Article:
Guyana Resource Center
Set like a gem in the crown of South America, nestled on the North-Eastern shoulder, defying the raging Atlantic Ocean, Guyana's many waterways reflect the source of it's name "The Land of Many Waters"
Image hosting by Photobucket Image hosting by PhotobucketKaieteur Falls, the world's highest single drop waterfall (741 feet).Image hosting by Photobucket Image hosting by Photobucket
Google
History This Week

In the last article the accession of Guyanese women to decision-making positions in the hierarchy of political parties, as Members of Parliament and ministers of Government since political independence was examined. The figures reveal that the numbers of women in all of the above mentioned areas have fluctuated over the period and are not in keeping with Guyana's international, regional and national commitments.

Among the reasons which have constrained more Guyanese women, like women worldwide, from achieving or even aspiring to positions of power and decision-making are the continued dichotomy of women's role: perceived as being in the private arena and men's in the public, lingering vestiges of patriarchy and cultural and religions attitudes. These are compounded by the negative impacts of globalization and structural adjustments on women, the double burden of work exacerbated by lack of relevant training, lack of funds for financing electoral campaigns and lack of support from other women.

In this article women in the local government system, the trade unions, the public service, and on public boards and commissions will be discussed.

Another source from which Members of Parliament are drawn is the local government system.

In 1980, when the regional system was introduced none of the ten regional chairmen was a woman. In 1985, 2 of eight were women; 1992-93, one of 10 was a woman. Since 1998 none of the 10 chairpersons of the Regional Democratic Council have been women. In respect of the Neighourhood Councils in 1998, 3 of 65 chairpersons were women; 1999-2000, 2 of 65; and 2001/2002 4 of 65 were women.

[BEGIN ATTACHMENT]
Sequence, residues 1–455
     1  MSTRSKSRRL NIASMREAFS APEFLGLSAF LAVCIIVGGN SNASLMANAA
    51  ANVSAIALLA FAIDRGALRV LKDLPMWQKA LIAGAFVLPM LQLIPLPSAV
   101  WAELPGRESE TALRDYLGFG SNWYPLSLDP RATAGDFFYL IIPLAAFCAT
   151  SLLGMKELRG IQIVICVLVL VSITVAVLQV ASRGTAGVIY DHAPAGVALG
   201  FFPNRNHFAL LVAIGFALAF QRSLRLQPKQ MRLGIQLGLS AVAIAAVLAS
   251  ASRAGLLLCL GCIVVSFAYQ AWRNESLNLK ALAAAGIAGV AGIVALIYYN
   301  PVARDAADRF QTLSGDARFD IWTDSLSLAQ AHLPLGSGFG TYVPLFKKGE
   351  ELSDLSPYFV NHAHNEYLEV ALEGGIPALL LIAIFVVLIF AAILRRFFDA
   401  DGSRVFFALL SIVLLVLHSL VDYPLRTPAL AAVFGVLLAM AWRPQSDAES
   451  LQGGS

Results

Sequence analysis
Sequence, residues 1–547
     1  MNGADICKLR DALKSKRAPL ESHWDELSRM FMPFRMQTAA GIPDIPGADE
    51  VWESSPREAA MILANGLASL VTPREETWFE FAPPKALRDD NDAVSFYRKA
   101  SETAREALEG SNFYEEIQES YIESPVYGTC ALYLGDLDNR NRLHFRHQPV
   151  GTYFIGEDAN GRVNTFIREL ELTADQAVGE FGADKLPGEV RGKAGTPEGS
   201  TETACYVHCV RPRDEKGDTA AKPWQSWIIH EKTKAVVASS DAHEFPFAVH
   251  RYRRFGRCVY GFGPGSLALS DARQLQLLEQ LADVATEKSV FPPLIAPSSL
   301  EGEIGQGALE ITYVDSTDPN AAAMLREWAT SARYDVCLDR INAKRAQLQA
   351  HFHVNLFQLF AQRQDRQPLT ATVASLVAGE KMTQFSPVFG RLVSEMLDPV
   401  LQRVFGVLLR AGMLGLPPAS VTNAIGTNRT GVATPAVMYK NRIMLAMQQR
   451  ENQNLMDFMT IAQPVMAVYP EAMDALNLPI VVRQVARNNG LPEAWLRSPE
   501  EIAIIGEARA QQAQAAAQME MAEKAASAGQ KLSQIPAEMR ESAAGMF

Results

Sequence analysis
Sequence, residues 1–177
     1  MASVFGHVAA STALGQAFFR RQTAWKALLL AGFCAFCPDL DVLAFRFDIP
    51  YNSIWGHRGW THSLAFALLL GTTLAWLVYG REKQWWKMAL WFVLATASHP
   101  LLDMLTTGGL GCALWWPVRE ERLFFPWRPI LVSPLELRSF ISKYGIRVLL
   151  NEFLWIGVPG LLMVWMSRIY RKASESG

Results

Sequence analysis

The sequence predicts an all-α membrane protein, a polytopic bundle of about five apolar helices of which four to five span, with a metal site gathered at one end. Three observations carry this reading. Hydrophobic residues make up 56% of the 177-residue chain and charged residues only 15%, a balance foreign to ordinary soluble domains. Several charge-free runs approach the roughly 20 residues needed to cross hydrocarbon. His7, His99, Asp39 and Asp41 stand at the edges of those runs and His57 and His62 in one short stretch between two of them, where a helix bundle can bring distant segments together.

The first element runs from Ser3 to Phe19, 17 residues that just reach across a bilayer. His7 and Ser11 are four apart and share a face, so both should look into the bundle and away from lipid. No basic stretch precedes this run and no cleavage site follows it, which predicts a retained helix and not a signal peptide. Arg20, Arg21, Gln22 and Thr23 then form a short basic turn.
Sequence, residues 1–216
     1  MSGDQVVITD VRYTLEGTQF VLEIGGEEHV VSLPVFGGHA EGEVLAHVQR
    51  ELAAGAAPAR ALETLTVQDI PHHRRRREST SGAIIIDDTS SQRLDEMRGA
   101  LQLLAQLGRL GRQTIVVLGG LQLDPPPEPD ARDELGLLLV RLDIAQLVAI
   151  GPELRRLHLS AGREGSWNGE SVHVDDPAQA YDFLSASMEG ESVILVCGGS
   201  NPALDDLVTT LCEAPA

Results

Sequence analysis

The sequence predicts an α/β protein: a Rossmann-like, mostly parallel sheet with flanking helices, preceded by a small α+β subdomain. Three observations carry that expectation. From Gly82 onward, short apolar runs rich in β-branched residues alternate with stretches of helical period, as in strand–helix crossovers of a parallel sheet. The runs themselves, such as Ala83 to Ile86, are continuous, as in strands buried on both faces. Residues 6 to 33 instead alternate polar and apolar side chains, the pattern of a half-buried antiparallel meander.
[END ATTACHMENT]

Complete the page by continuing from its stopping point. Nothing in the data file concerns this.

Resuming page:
Before 1980, there were two women mayors of the municipality of Georgetown.

After the introduction of the regional system and the increase in municipalities two of five mayors have been women; 1985, 1 of 5; 1992-1998, 1 of 6. Since then

no woman has held the position of Mayor anywhere. There is a clear gender imbalance at all levels of the decision-making process.

Women also have a minor presence in the higher echelons of the Trade Union movement.

Olga Byrne served as President of the Guyana Teachers Union from 1961 to 1963 and 1968 to 1970 while Jean Persico was President from 1980 to 1986. In 1967, frustrated by the continued discrimination in the movement, a group of women Trade Unionists passed a resolution requesting that women be selected in equal numbers as men to attend Education Seminars and that the Women's Advisory Committee (WAC) be represented on the committee of the Critchlow Labour College.

Indeed the WAC, whose first leader was Ms. Vivienne Surrey was not given status as one of the standing committees of the TUC until 1969.

Three decades after that famous resolution a survey was conducted among 18 Trade Unions which showed that there were more men than women in seven of the Trade Unions, while women outnumbered men in 9 of the unions.